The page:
Tuesday, January 29, 2008

little hipmeat & lotza backbone


one of my favorite things about winter is that i let my roses set hips and then i share with the birds and harvest them throughout the winter for vitamin C and antioxidants and for rosehip tea.

(the way i make the tea is to boil the hips for about ten minutes and let sit for about five minutes. i mash the hips up and strain.)

my favorites in my garden are dortmond, katy road pink and a buck rose named summer wind. ballerina sets beautiful hips, but they are so tiny and this girl likes a little hipmeat...and lotza backbone.


Sis said...

Your post makes me want to go outside and get my hands real dirty. And then come in and boil some rosehips.

(PS - dontcha LOVE Buck roses? Summer Wind is one of my favs)

jackie said...

I've missed a few days (working at my old agency).

Dawn how do you make rosehip tea? I've always wanted to try that.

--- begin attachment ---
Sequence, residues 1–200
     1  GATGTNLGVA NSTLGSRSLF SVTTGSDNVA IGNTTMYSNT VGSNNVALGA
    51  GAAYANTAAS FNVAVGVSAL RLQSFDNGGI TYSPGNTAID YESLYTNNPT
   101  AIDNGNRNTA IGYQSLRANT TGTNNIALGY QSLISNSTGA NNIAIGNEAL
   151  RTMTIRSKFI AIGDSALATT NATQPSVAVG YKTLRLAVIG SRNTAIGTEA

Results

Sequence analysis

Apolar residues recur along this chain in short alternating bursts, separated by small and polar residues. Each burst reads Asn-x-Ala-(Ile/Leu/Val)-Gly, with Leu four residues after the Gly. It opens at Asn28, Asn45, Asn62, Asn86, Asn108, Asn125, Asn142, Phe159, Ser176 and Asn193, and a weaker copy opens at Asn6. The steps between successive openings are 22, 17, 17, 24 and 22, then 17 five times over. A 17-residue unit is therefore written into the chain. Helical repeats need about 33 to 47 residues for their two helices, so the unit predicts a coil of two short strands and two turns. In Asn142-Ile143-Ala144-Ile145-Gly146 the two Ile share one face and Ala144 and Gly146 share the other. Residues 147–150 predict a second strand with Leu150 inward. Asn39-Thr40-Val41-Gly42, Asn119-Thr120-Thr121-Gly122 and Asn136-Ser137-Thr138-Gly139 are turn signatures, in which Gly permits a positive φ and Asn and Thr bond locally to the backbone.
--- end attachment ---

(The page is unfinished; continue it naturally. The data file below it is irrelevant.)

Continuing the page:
Val said...

I've never made or done anything with my rosehips. For me so far, they've just been pretty little things. :)

Anonymous said...

Wow Dawn, you can't drop some cool info like that and not tell us how you make the tea!!! C'mon girlie! Love the blog, BTW.....

Andie-The Brown Bee said...

"Shake it to the left,
Shake it to the right,
Now do the hippy shake
With alla your might!"
-Swinging Blue Jeans

xoxoxo ;0]

P.S. I bought a lovely lavender and rosehips tea from my local tea shoppe.....aaaaaaaaahhh!

Anonymous said...

These are gorgeous hips, Dawn, they look like hachiya persimmons on first glance - so vibrant!

fiwa said...

Those are some saucy hips, ma'm. I'll chime in, I hope you're going to tell us how to make the tea!

Marilyn said...

Ditto on the tea making! :-)

I thought they were persimmon at first glance, too. You not only grow beautiful roses, but rose hips, too.


Ginni Dee said...

I love rose hip tea. Thanks for reminding me, I haven't had it in ages! Maybe I'll harvest some. If they aren't too nasty from this funky weather.

Brad said...

I've always wondered what to do with them. I knew they were good for you. Mine have never turned red - wonder if I have the right type and/or climate ?